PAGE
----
A lot of people in Cobourg and surroundings know Al Rose. He’s the kind of guy you’d want to know—friendly, unassuming and quick to make you laugh and show you a photo or video of his three grandchildren; Kennedy, Levi and Charlotte. "They are the best grandkids in the world" he says.
Al grew up on a farm north of Cobourg where he still lives with his wife Chris, three dogs and about 15 horses he breeds and trains for competition. This is home, he says he wouldn’t live anywhere else. Al gets involved with the United Way charity events, supports Olympic athletes and is a sponsor of the annual Cobourg Waterfront Festival every year.
Best way to start the morning? Work for Al Rose
He also brings his office staff a McDonald’s coffee every morning. “It’s a good way to say hello and check in to see how everybody’s doing. Better than just coming in and putting your head down to work.”
Most of all, though, Al is known for the homes he builds. Stalwood Homes, a company he started 20-some years ago, has become an impressive enterprise with a legacy of custom homes on estate lots and, more recently, communities with townhomes, condos, detached and semi-detached residences, all built with dedicated craftsmanship and attention to detail.
This is where the white picket fence dream happens, where you say hello to your neighbours and you’re a 10-minute drive to everything. This is good living in small-town Ontario.
“Cobourg has the beautiful waterfront, it’s historic, the buildings, all the little shops downtown. The Dutch Oven and Kelly’s tavern have been here forever. It’s comfortable, peaceful,” Al says, not at all surprised by the growing number of people relocating here from cities across the GTA. His customers are not just retirees looking for a slower pace, but first-time buyers and young families searching for affordable homes and quality of life.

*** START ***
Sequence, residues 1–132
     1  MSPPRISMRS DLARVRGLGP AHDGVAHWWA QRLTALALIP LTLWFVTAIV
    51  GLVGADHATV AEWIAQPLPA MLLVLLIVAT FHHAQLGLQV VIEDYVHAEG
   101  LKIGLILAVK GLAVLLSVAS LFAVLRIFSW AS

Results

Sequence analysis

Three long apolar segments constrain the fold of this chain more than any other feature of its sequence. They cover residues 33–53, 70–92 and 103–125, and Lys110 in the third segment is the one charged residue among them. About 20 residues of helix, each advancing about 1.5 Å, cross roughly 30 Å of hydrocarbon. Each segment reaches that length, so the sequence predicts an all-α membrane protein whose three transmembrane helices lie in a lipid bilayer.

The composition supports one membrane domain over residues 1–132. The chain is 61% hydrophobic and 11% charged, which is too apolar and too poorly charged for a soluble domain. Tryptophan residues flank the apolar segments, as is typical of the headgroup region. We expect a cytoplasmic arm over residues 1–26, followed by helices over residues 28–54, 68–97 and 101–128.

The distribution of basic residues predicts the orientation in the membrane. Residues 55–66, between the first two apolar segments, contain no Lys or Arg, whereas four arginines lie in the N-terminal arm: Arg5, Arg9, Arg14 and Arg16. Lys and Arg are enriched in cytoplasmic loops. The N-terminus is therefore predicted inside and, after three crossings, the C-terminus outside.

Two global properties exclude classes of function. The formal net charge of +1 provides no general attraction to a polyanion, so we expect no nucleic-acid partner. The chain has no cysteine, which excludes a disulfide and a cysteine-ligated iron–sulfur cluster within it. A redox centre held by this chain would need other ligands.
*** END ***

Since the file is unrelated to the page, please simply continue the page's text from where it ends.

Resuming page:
The Stalwood reputation is built to last
Simply put, Stalwood Homes is what Al Rose is all about – being good to people, great work and taking pride in what you do. He built his first custom home in 1985. It took him about five months and he made sure he got every last detail right.
And that’s what he’s been doing ever since.
“You know, it’s about being good to people that matters,” Al says. He goes out and cuts a Christmas tree for one of his customers, every year. It’s become a tradition. He’ll tell you about being an impromptu handyman for an elderly woman who would pay him with fresh-baked cookies. Not many CEOs do that nowadays.
He doesn’t shy away from the hands-on work that he started out with in his early days of framing houses and doing renovations. He was a young guy who knew his way around a toolbox, much like his father who was also a well-respected doctor in Cobourg.
“My dad was really good at tinkering with things, really handy,” he says. “So maybe that’s where it comes from.”
Like father, like son: the Rose tradition
Handyman skills and great bedside manner were passed from father to son back then, and now Al has his son, Aidan Rose, on the Stalwood team.
Aidan returned home in the fall of 2016 after running a house-building company out west. He started working for his dad when he was eight, driving a Bobcat to clean up the construction sites. Sitting in Al’s office in Cobourg, the two clearly have a close-knit bond.